All foals are registered in the Irish Horse Register (IHR) at birth. Animals must be inspected and approved before entry in the Irish Draught studbook. A performance-testing programme for stallions as part of the approval procedure has been in place since 1995. All animals must be blood typed prior to inspection for entry into the Register.

There are annual inspections for fillies beginning at 2 years and for mares of all ages, Mares are assessed under thirteen different aspects of confirmation, movement and athleticism.

Colt Assessments are also undertaken for yearlings and two year old colts so that promising colts can be identified and their owners encouraged to retain them. This is a free service. Geldings are also eligible for RID status.

Irish Draught Stallions can be put forward for RID status and enter into the Studbook beginning at 3 years of age. Stallions must be inspected and undergo veterinary examination. Performance testing is a must for all except those with exceptional conformation and movement. Performance is either open competition or in a central test centre. The *inspection panel may recommend that stallions with exceptional conformation, movement, athleticism and satisfactory temperament may be approved; otherwise stallions may be classified as S1 or S2.


 Irish Draught stallions are obliged to have accumulated a minimum of 10 points in competition under the rules of the Showjumping Association of Ireland, or the equivalent in showjumping competitions run by an organisation in another country. However, if stallion owners wish to compete in competitions under the rules of Eventing Ireland or Dressage Ireland, the minimum number of points shall be 5 in the case of eventing and 20 for dressage, or the equivalent in eventing or dressage competitions run by an organization in another country. Having completed the performance testing requirements, each stallion shall undergo a full inspection at a central location, or a location decided by the Issuing Authorities.

*IHR: PART VI Stallion Classification 18. (1) (a) (iv) In the case of inspection of Irish Draught colts/stallions, the inspection panel shall include two representatives from the Irish Draught Horse Society (unless otherwise decided by the issuing authority). The representatives from the Irish Draught Horse Society shall not be over ruled by the other members of the panel where the Irish Draught breed type is an issue.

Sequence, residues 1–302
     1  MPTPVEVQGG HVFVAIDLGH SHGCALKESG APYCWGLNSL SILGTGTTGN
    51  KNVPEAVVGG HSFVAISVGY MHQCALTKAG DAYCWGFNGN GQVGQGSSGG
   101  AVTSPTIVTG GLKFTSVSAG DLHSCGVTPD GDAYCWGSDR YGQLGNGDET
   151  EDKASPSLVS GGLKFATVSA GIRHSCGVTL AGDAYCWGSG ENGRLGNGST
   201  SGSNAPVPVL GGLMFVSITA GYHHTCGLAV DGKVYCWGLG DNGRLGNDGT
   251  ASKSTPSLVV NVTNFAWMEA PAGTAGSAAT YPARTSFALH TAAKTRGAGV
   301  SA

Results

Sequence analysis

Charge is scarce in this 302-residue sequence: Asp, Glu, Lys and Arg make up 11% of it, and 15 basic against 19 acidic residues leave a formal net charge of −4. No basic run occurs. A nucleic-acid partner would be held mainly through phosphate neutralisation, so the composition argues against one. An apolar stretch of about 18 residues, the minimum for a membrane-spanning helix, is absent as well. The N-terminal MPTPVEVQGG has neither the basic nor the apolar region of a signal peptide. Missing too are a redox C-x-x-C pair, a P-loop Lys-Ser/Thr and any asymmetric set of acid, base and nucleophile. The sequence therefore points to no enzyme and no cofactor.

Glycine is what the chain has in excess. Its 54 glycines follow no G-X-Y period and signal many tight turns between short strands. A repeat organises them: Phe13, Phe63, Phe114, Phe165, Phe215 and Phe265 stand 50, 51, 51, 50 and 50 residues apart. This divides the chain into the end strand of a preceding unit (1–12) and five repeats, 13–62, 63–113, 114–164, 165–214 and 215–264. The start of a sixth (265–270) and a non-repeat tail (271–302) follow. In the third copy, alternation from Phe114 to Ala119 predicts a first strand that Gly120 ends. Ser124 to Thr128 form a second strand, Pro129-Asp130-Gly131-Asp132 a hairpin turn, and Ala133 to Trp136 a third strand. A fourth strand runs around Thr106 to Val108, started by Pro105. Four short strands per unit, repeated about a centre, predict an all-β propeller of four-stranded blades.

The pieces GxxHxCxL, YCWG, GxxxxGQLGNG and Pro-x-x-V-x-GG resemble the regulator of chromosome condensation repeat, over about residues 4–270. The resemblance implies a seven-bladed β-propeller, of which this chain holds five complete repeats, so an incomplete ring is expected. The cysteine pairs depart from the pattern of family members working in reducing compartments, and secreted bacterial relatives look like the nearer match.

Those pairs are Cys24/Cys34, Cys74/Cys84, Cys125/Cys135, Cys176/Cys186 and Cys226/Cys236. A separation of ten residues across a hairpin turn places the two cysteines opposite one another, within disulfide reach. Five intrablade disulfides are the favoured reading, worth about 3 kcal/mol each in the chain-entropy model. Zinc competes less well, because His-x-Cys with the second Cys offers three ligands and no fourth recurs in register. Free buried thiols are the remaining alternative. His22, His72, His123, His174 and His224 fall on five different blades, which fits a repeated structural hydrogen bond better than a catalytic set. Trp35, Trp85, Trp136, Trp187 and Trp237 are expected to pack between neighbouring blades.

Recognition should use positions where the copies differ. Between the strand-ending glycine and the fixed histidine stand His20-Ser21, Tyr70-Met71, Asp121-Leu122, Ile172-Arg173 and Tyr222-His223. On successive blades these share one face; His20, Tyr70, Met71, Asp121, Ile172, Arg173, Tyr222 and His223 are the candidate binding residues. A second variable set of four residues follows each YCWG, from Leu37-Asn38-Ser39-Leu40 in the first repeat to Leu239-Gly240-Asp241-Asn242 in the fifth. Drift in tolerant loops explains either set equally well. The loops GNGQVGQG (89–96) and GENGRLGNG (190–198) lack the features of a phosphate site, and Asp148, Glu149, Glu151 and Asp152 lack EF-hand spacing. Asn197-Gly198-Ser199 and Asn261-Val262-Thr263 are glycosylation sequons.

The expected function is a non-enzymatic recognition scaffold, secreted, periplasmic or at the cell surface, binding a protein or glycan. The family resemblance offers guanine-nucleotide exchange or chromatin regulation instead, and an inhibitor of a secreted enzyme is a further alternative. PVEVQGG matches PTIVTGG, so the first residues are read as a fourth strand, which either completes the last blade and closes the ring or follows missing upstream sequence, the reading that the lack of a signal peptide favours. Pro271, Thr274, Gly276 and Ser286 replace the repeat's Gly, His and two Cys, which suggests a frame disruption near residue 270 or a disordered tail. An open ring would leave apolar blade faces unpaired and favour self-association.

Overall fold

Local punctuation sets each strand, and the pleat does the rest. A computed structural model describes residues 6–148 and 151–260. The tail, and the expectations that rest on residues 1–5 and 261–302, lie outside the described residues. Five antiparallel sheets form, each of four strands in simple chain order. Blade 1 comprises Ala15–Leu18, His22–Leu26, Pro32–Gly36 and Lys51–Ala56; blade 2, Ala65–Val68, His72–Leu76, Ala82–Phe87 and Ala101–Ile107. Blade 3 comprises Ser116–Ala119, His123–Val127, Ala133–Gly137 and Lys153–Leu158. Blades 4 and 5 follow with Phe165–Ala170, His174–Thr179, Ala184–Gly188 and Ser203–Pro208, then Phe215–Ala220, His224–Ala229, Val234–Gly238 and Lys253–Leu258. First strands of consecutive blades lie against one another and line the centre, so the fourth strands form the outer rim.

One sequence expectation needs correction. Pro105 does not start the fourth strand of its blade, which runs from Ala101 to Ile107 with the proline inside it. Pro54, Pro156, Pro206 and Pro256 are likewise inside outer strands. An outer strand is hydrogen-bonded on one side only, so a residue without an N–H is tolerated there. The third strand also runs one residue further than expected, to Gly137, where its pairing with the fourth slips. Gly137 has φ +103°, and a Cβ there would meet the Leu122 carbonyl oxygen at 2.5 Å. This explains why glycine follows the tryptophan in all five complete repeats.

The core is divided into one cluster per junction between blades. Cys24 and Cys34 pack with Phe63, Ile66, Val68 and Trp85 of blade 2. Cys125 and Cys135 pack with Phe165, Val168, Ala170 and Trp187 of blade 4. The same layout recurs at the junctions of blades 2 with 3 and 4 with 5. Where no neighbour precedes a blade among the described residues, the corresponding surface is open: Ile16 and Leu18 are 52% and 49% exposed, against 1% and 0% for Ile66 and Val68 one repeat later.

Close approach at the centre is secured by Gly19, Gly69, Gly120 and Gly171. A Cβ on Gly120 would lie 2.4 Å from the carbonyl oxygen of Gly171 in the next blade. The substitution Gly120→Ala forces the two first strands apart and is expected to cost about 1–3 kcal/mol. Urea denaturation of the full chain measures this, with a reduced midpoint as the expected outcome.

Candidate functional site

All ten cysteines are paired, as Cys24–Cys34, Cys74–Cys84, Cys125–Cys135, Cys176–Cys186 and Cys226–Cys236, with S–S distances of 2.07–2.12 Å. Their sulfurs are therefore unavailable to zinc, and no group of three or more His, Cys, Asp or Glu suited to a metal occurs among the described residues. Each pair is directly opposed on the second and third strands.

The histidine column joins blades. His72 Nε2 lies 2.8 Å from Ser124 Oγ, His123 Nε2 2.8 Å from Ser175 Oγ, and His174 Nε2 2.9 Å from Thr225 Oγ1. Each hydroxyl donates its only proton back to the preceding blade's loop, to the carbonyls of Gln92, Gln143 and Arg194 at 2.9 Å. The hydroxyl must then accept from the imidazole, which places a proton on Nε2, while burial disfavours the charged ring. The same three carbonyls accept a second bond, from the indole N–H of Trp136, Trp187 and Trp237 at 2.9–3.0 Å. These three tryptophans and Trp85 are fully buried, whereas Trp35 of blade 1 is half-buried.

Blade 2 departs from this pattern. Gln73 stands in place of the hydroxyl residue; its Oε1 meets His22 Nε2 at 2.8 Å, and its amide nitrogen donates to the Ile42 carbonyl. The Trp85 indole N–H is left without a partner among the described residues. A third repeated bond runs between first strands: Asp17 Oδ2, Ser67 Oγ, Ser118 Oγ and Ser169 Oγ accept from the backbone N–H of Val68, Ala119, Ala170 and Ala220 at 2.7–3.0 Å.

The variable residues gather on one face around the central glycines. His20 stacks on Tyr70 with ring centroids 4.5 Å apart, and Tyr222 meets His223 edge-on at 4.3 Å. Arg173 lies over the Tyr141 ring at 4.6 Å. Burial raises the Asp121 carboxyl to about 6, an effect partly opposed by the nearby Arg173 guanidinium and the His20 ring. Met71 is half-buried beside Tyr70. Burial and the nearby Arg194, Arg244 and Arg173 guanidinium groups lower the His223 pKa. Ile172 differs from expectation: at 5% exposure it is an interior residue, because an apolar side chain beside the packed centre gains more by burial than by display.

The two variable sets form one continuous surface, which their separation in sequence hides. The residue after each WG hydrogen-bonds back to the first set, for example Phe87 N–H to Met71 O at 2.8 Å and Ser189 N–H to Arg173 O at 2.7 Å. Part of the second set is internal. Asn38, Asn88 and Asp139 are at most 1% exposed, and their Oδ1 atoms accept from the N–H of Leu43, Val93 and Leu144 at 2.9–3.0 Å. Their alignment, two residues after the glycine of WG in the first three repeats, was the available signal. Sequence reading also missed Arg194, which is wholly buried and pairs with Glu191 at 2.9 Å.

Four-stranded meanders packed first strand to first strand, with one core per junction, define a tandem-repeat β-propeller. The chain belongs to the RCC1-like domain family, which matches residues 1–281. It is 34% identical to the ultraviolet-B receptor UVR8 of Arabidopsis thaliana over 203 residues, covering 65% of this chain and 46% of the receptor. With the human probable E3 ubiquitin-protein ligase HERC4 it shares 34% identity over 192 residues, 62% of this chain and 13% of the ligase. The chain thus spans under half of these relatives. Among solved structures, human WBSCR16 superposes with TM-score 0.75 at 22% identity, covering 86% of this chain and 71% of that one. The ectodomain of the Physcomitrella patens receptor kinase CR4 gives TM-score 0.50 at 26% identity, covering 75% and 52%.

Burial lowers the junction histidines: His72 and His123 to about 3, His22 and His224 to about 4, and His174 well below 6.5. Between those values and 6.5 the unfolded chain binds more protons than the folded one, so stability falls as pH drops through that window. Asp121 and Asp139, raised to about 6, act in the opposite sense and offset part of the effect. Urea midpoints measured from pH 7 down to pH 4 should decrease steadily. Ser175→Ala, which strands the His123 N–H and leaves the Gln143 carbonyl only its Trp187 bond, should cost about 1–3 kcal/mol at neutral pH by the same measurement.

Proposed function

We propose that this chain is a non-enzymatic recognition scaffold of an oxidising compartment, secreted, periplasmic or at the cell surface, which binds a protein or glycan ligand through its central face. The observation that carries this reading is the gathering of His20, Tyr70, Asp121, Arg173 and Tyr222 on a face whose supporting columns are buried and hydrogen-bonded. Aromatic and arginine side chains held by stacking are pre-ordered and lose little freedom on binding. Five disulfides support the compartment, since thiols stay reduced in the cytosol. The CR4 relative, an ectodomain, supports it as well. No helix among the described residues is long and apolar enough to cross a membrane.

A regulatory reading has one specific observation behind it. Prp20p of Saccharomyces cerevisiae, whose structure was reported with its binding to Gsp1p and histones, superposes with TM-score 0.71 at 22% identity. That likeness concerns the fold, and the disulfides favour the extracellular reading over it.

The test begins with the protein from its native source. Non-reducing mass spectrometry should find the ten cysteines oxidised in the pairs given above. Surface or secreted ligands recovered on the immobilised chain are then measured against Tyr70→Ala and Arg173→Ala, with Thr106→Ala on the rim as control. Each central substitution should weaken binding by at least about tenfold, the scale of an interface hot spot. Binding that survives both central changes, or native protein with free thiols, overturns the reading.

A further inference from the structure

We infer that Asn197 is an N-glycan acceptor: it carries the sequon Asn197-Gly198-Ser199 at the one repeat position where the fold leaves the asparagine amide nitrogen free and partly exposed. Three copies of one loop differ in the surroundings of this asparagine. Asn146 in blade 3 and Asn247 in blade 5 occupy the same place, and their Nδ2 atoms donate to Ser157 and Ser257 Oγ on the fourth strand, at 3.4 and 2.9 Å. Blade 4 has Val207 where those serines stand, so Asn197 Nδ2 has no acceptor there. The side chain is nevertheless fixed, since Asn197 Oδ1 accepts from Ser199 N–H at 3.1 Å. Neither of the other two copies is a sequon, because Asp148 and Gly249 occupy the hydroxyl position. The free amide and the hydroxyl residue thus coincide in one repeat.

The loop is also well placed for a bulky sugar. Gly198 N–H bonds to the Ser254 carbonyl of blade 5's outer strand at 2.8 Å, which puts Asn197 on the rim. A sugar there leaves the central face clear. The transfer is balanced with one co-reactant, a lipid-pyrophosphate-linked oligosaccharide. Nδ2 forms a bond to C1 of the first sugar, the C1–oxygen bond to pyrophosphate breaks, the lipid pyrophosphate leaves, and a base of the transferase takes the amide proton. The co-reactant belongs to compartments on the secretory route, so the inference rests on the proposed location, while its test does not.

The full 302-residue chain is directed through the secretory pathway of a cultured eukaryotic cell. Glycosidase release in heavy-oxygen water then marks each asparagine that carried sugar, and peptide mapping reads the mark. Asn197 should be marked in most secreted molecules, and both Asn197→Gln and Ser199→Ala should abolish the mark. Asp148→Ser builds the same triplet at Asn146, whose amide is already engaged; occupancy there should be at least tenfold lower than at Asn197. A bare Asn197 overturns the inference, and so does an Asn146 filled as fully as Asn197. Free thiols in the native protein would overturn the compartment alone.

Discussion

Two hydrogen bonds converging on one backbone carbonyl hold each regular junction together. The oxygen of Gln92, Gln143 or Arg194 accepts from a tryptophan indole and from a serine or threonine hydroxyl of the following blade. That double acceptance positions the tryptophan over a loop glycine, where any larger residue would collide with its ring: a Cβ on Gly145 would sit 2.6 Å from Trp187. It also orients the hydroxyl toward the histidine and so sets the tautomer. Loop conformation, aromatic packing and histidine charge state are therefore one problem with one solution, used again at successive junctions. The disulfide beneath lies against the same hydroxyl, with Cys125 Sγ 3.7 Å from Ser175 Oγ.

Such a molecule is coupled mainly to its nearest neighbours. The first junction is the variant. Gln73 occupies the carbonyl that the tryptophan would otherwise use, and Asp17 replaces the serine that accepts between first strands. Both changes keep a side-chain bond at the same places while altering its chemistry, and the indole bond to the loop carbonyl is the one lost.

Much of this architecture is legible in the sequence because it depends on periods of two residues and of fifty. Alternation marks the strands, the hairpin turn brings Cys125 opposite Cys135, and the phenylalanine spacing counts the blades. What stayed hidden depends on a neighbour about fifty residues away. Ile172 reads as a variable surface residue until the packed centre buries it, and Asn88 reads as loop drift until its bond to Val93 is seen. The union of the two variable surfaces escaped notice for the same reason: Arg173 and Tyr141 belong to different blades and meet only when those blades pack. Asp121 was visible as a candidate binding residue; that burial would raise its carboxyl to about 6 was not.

Contact the IDHS Secretariat, with inquiries regarding procedural questions and for official paperwork to be completed prior to inspections.


irish horses for sale, horse racing, irish sport horses, trace your horse, horseracing tips/commentary  greyhound & dog racing tips results commentary etc horse jobs free classifieds . advertising . thoroughbred horseriding in ireland, tack shop, online tack shop, riding equipment for sale, wireless security cameras, foaling cameras with infa red, security cameras for equestrian centres, connemara ponies, horse charities, horse organisations, organizations, ponies for sale, equestrian classifiedspony . ponies ireland ringtones   . . . . connemara sport horse logos equestrian , horse welfares, riding schools in dublin, riding schools, listowel, tack shop kerry, tack shop tarbert, the tack shed tarbert, tack shop, equestrian retailers, horse tack wholesalers, horse of the year, listowel equestrian centre, tack shed tarbert, paddocks equestrian centre dublin, paddocks riding school,security cameras for equestrian centres, advertis horses for sale, horse jobs, irish horses, sport horses, horses wanted, tack for sale, on line tack shop, irish riding schools, irish trekking centres, irish stud farms, studs in Ireland, ponies for sale ireland, irish horse breeds, irish draught horse, horse shows and events in ireland, irish equestrian businesses, irish equestrian organisations, horse organizations in ireland, farriers, vets, racecourses, irish racecourses, greyhound racing, tips on greyhound racing, horse boxes, equestrian discussions, horse and equestrian advices, veterinary information on horses and ponies, equestrian horse charities

contact us
Copyright © 2001 - 2009 Irish Horse Society. All Rights Reserved.